The mtDNA test is available in the mtDNA Plus, a mid-level assessment, and the mtDNA Full Sequence, the highest level of assessment. The mtDNA Plus reports results in two hypervariable regions, HVR1 and HVR2. The matches included with these two regions are related to the past 28 generations. The mtDNA Full Sequence reports results in all three regions, HVR1, HVR2, and the Coding Region. Matches are related within the past 16 generations.
The Autosomal Test (atDNA) is appropriate for both men and women and provides male and female matches that are related within the last 5 generations. However, matches beyond 5 generations are frequently found, but the confidence level set by FTDNA for the Family Finder test is 5 generations. Family Finder is capable of identifying matches in any branch of one’s family and is not limited solely to the paternal or maternal lines. In addition, it provides percentages of one’s ancestral lineage such as Native American, Middle-Eastern, Jewish, African, and Western and Eastern European. In Family Tree DNA, the autosomal test is known as Family Finder.
The analyses of one’s 22 chromosomes (not the 23rd one) are reported in terms of centimorgans (cMs), longest blocks, and single nucleotide polymorphism (SNPs) which is the most common type of genetic variation among people. One may compare this information with other matches using graphics and spreadsheets which may be accessed through the FTDNA’s Family Finder site. In addition, relationship-ranges and estimated-relationships are predicted for each of one’s matches. One must understand that the DNA he inherits from his parents (50% from the father and 50% from the mother) does not represent 25% from each of the 4 sets of grandparents or 12.5% from each of the 8 individual grandparents but is a random mixture. However, the fact that long blocks often “stick together” for several generations makes matching possible.
Close relatives will share larger fragments of DNA from a common ancestor and smaller segments from more distant ancestors. Even these small segments may hold valuable clues for the genealogist.
One cannot compare the results of the various tests. Each test analyzes a different segment of the DNA and reports the results using different terminology. The haplogroups for men with the Y-DNA test and those for women with the mtDNA tests are different and cannot be compared.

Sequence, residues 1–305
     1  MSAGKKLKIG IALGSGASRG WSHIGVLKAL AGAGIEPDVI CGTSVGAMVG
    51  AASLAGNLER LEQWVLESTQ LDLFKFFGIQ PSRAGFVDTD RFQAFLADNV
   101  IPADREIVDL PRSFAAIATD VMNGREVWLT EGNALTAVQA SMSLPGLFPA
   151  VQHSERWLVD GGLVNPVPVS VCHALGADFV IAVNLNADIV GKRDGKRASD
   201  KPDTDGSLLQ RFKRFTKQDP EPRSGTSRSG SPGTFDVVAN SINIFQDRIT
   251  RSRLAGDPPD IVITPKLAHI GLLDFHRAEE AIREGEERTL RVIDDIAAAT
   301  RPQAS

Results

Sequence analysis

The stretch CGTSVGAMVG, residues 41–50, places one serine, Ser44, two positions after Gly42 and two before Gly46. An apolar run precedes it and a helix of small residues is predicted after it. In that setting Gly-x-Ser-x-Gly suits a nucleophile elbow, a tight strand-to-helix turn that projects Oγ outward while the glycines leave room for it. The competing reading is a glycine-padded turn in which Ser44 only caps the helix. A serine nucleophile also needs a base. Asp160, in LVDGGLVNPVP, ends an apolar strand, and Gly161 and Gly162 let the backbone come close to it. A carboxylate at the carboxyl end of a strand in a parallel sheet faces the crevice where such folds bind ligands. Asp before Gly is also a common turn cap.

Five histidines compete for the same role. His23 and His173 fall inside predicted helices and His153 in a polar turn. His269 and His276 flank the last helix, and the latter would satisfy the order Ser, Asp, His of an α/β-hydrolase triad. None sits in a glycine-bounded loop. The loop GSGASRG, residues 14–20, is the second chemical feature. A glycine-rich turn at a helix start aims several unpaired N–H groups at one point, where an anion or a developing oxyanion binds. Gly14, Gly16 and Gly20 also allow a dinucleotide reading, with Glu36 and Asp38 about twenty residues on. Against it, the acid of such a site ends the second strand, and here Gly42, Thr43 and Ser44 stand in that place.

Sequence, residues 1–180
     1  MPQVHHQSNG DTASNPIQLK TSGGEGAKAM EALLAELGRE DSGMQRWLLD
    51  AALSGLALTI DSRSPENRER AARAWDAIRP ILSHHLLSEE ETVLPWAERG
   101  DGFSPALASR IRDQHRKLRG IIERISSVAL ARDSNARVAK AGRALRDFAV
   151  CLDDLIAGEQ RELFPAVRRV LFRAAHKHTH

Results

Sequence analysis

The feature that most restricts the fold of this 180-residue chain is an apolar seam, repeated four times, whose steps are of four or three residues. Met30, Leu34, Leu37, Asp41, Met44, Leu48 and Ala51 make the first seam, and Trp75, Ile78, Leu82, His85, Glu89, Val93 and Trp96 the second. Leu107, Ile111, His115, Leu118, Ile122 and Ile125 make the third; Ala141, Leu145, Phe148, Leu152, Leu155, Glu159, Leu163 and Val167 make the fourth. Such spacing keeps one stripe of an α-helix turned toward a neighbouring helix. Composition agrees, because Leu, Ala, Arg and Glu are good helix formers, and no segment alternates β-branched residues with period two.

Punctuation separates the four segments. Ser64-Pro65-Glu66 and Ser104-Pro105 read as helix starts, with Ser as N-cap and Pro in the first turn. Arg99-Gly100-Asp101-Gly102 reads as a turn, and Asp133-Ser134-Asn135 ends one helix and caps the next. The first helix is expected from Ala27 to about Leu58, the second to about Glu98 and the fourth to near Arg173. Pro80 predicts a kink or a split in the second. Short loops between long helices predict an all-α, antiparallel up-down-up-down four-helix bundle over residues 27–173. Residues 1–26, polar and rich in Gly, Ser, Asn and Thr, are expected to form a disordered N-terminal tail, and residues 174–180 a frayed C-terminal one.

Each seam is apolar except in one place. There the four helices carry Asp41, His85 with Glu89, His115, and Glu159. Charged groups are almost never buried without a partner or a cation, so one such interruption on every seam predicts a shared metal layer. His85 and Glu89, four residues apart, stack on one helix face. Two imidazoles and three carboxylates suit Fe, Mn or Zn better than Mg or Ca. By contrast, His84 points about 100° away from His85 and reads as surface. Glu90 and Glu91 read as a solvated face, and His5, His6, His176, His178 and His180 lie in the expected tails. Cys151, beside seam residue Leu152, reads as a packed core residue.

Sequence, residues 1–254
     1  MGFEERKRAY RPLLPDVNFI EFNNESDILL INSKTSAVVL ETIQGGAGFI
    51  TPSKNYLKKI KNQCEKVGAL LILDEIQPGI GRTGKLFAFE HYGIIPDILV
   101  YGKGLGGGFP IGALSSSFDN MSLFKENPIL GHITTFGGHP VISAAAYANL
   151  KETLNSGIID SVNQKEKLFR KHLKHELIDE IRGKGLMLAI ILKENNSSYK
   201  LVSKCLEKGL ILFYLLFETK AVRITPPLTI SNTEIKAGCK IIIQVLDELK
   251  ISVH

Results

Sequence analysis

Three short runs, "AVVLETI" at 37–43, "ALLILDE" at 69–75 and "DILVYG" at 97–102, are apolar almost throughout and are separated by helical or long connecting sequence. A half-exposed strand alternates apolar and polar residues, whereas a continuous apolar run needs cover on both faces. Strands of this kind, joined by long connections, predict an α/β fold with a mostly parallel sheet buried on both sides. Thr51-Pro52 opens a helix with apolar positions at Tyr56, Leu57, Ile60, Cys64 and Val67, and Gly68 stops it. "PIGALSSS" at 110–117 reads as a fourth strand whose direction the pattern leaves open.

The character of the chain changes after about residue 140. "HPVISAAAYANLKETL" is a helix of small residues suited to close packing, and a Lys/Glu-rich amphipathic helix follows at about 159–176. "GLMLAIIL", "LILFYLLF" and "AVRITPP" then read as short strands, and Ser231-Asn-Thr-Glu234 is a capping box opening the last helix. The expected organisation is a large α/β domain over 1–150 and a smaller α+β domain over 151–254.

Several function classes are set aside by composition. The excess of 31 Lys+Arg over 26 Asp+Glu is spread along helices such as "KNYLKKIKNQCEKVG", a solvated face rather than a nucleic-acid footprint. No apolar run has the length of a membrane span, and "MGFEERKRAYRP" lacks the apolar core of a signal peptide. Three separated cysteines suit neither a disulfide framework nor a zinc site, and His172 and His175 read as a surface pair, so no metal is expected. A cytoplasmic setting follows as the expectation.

Family Tree DNA stores one’s DNA for 25 years so that one may upgrade to a higher level of testing without submitting another sample. The number of one’s matches is dependent on the size of the company’s data base. Also, if one’s lineage or surname is rare, he may not have any matches at first, but over time as the data base grows, participants with whom he matches will become available.
Family Tree DNA and 23andMe were the first two companies to offer autosomal DNA testing. Family Finder through Family Tree DNA is specifically recommended for genealogist and adoptees. 23andMe offers an autosomal DNA test called Relative Finder, which is similar to the Family Finder developed by Family Tree DNA. Recently, 23andMe came under government scrutiny due to its offering health-related information based on the participant’s genetics without the benefits of professional medical attention. Therefore, 23andMe no longer provides health-related information to its participants.
Ancestry.com started offering genetic testing in 2011.
DNA testing can be used to confirm one’s “paper trail,” to determine which family trees with the same or variant surnames are related, to determine individuals who are or are not related, and to provide clues for further research.
“23andMe Halts Genetic Health Reports,”
“About Genetic Genealogy,” http://www.thegeneticgenealogist.com/about-genetic-genealogy/
Hill, Richard. “Autosomal DNA Testing for Genealogy,”
Powell, Kimberly. “Autosomal DNA Testing for Genealogy,” About.com Guide.
Smolenyak, Megan Smolenyak and Ann Turner. Trace Your Roots with DNA. Holtzbrinck
Friday, December 20, 2013